As a result of the revised Annex 1 guidance, CDMOs are under greater pressure to increase their inspection compliance, notes Brian Korson, director of Finishing, Grand River Aseptic Manufacturing. “New inspection equipment and technology increases inspection capabilities and quality results, while decreasing time out of refrigeration, which is a big win for pharma manufacturing,” he adds. “It is imperative that CDMOs take the steps to have the right processes and equipment in place to supply patients with safe and effective products.”
“There are several technologies available for use in development and aseptic production,” explains Stefan Kuehnhold, director Pharmaceutical Production, Langenargen Site, Vetter. “These options include the classic isolator technology, which is a closed system, as well as the restricted access barrier system (RABS). Every system has its advantages, and it is up to each company to choose the right technology for its specific purpose.”
Deciding between RABS and isolators is the first choice, according to Sandle. “Here, RABS is the minimum standard; although, within the RABS paradigm, there are ‘closed’ and ‘open’ variants (with the ‘closed’ versions being superior as the risk of surrounding room air ingress is lowered),” he says.
“Isolators are superior because they provide a complete barrier, and they can be subject to biodecontamination through an automated disinfection process,” Sandle continues. “A complexity remains in that product contact parts need to be subjected to a separate sterilization process (including filling needles and stopper bowls).”
However, both RABS and isolators have a weakness with potential air leakage—a risk that is particularly high with the gloveport gauntlets, Sandle explains. “Systems that can be fully automated and do away with gauntlets entirely (that is robotic systems) are optimal,” he affirms.
Focusing on inspection technologies, Korson reveals that there are a variety of options available that can help to support increased compliance in aseptic manufacturing. “Fully automated inspection solutions use innovative inspection algorithms to ensure high particle detection rates, plus voltage leak detection to detect very small cracks,” he says. “This technology brings a unique opportunity for throughput of up to 400 vials per minute.”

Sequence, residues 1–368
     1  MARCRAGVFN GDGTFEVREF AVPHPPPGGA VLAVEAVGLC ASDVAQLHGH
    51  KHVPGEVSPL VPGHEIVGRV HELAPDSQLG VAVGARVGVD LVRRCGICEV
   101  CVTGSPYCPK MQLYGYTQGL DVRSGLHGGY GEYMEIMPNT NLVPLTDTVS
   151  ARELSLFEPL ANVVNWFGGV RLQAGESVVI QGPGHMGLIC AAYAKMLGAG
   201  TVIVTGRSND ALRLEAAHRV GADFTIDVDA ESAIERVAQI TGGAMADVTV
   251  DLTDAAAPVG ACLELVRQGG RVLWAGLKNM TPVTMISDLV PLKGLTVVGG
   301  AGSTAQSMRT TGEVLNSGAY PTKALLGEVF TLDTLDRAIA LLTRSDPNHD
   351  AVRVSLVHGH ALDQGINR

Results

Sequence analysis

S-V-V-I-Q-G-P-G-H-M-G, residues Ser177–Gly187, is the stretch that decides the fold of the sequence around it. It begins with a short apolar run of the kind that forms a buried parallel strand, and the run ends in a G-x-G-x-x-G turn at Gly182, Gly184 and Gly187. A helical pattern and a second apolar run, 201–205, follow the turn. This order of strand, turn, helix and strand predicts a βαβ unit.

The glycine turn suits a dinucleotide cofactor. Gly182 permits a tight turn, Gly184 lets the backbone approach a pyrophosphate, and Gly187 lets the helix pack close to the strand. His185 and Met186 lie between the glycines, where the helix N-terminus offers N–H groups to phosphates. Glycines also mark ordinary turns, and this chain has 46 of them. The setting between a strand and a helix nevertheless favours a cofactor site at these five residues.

“Innovations in pharma inspection systems are helping FDA-regulated timelines while achieving high standards of quality and maintaining product stability,” Korson asserts. “Companies should decide on the most appropriate technology solutions by evaluating the latest regulatory guidelines. Staying ahead of compliance will ensure your technology investments payoff for the future.”
Rapid real-time methods have been gaining interest for some time within pharma environmental monitoring, adds Whittard. “These viable particle counters can deliver continuous monitoring and potentially speed up release of product,” he says. Recently, Cherwell launched a rapid, viable detection system—MicronView BioAerosol Monitoring System (BAMS)—which allows for rapid, real-time, continuous monitoring of airborne microbes, supporting Annex 1 requirements, Whittard explains.
For Wong, blow-fill-seal (BFS) technology stands out as an excellent platform for aseptic products. “Containers are formed, filled, and sealed within a very compact sterile environment within the BFS machine itself. This eliminates the need to maintain entire rooms and suites under sterile conditions and reduces the container componentry to just the resin needed to make the units,” he says. “BFS containers are also customizable in shape and size, and more robust when it comes to handling and use.”